Study: High school smoking fell as e-cigarette use boomed

An e-cigarette in use. The battery-powered devices producea vapor that typically contains nicotine and flavorings. Some say turning away from traditional cigarettes is a good thing. Others say the nicotine is still a problem. Bloomberg

WASHINGTON - The number of middle and high school students using electronic cigarettes tripled between 2013 and 2014, according to government figures released Thursday, a startling increase that public-health officials fear could reverse decades of efforts combating the scourge of smoking.

The popularity of e-cigarettes among teenagers now eclipses traditional cigarettes, the use of which has fallen to the lowest level in years.

Tom Frieden, director of the Centers for Disease Control and Prevention, called the spike in e-cigarette use "shocking."

"It's a really bad thing, and it is subjecting another generation of our children to an addictive substance," he said in an interview, adding that any type of nicotine exposure can harm the teenage brain and that some e-cigarette smokers undoubtedly will go on to use traditional cigarettes.

Not everyone sees such cause for alarm in the new numbers.

"The CDC should really be jumping for joy at the fact that smoking rates are declining. This is a huge success," said Michael Siegel, a professor and tobacco control specialist at Boston University's School of Public Health. "Instead, they are using this as another opportunity to demonize e-cigarettes."

Siegel said he agrees that minors shouldn't have access to any tobacco product. But he said the CDC numbers suggest that rather than serving as a gateway to cigarette smoking, e-cigarettes might be diverting teens from traditional cigarettes, which still account for nearly a half-million tobacco-related deaths in the United States each year.

Thursday's findings came as little surprise to many educators around the country, who have increasingly wrestled with how to handle the swift rise in e-cigarette use among students.

Patricia Sheffer, superintendent of Union County Public Schools in Kentucky, grew so frustrated this year over the dozens of incidents of students being caught with e-cigarettes that last month she sent a recorded message to district parents and posted a plea on Facebook asking for help cracking down on the problem. The K-9 dogs that perform a sweep of the schools about once a month also are being trained to sniff out e-cigarettes, she said.

"It's just growing at such a rapid pace," said Sheffer, who worries about the various substances students might be smoking in the devices. "I thought, 'We have to take a stand.' "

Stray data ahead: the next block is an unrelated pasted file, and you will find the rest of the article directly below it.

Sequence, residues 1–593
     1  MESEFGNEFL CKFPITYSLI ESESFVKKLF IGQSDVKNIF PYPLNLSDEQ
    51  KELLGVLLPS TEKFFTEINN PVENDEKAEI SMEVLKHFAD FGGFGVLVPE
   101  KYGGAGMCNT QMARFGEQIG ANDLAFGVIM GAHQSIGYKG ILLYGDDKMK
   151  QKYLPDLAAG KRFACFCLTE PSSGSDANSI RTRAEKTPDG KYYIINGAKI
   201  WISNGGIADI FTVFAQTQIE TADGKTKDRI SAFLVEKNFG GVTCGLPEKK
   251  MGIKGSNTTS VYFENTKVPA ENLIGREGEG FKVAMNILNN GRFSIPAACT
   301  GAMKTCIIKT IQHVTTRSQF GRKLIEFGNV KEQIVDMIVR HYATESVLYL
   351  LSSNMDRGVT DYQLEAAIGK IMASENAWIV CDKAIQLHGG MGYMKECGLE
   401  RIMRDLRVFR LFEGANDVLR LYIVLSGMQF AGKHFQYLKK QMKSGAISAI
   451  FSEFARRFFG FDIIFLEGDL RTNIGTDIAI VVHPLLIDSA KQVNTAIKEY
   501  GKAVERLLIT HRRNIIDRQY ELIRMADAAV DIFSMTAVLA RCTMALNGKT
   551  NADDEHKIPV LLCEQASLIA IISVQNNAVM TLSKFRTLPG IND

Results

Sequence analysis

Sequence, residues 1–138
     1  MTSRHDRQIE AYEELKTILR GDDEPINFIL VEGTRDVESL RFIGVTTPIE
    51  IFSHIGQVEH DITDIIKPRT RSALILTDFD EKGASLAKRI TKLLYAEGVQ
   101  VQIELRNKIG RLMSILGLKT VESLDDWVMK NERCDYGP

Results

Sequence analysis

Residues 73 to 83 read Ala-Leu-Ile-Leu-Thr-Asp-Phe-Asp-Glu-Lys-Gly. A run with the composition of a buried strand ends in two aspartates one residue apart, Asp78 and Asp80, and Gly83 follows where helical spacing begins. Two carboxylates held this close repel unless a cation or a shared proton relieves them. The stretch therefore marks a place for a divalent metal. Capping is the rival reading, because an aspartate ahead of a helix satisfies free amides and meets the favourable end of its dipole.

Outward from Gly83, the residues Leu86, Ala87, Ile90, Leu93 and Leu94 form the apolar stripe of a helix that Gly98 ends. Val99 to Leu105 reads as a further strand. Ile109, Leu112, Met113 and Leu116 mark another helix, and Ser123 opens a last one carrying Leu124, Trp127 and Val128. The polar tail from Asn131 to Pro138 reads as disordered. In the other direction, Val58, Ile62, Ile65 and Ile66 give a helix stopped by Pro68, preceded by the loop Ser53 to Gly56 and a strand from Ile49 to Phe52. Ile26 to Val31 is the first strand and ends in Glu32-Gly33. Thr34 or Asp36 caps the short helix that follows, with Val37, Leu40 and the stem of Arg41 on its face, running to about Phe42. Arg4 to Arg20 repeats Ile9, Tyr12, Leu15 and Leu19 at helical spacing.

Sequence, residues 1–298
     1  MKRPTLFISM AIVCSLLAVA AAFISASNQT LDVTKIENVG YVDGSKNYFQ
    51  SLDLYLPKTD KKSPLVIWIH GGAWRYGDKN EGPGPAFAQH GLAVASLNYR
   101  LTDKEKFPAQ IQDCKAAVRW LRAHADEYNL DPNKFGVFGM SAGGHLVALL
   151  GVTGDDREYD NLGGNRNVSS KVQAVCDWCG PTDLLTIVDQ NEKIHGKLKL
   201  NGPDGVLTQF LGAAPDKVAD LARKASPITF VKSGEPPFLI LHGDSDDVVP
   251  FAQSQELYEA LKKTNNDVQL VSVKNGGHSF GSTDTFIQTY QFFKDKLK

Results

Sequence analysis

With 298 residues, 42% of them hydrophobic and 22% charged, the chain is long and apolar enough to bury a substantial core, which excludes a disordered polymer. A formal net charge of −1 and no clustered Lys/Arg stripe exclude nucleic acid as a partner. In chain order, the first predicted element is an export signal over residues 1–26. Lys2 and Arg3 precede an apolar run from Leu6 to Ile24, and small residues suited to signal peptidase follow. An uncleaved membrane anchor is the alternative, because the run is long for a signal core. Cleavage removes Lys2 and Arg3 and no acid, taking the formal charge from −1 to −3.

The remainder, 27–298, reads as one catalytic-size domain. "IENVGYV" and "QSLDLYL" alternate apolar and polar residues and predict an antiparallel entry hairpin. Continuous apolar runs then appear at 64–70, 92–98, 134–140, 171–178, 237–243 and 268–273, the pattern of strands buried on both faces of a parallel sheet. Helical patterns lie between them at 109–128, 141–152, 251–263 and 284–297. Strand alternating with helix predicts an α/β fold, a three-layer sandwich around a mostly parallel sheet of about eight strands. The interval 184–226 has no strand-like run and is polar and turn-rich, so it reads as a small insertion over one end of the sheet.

Districts around the country, such as Haywood County Schools in North Carolina, have begun classifying e-cigarettes as drug paraphernalia, rather than as normal cigarettes, in the hope that the harsher penalties will discourage students from bringing them to campus.

Antismoking advocates insist the rise in the popularity of e-cigarettes stems in part from aggressive marketing campaigns that Frieden called "straight out of the playbook" of ads that targeted young people in earlier generations.

E-cigarettes remain unregulated by the federal government, although numerous cities and states have passed laws restricting sales to minors and banning the devices in public places. But e-cigarettes do not face the same federal restrictions on television and radio advertising that apply to traditional cigarettes.

At the heart of the public-health debate over e-cigarettes lies a series of unanswered questions: Are e-cigarettes unequivocally less harmful than tar-laden, chemical-filled tobacco cigarettes, as many people assume? Will they prove to be a healthier alternative that helps people avoid cigarette smoking and reduce tobacco-related deaths, or simply devices that could undermine decades of public health efforts?

Siegel, the Boston University professor, said it "shouldn't take a rocket scientist" to figure out that "vaping" is safer than smoking, given that the liquids used in e-cigarettes involve no combustion and very few chemicals. And Cabrera said regulators shouldn't "lose perspective about the potential" for e-cigarettes to eliminate harm caused by smoking cigarettes.

But plenty of uncertainty remains. A study this week in the journal Tobacco Control, for instance, found that the chemicals used to flavor e-cigarettes could prove unsafe when inhaled over time. Public health officials say far more research is needed given how little data exist on the long-term effects of e-cigarettes.

This much seems certain from Thursday's results, based on an annual survey of 22,000 students around the country: Teens are experimenting as much as ever. Roughly a quarter of high school students and nearly 8 percent of middle school students still report having used a tobacco product at least once during the previous 30 days.

But between 2013 and 2014, the findings say, e-cigarette use among high school students had increased from 4.5 percent to 13.4 percent.

During that same period, the use of hookahs - water pipes used to smoke specially made tobacco - roughly doubled for middle and high school students, equaling and eclipsing the use of regular cigarettes, respectively. Meanwhile, the use of conventional cigarettes sank to the lowest levels in years. According to the CDC, 9.2 percent of high school students reported smoking a cigarette over the past month, compared with 12.7 percent a year earlier.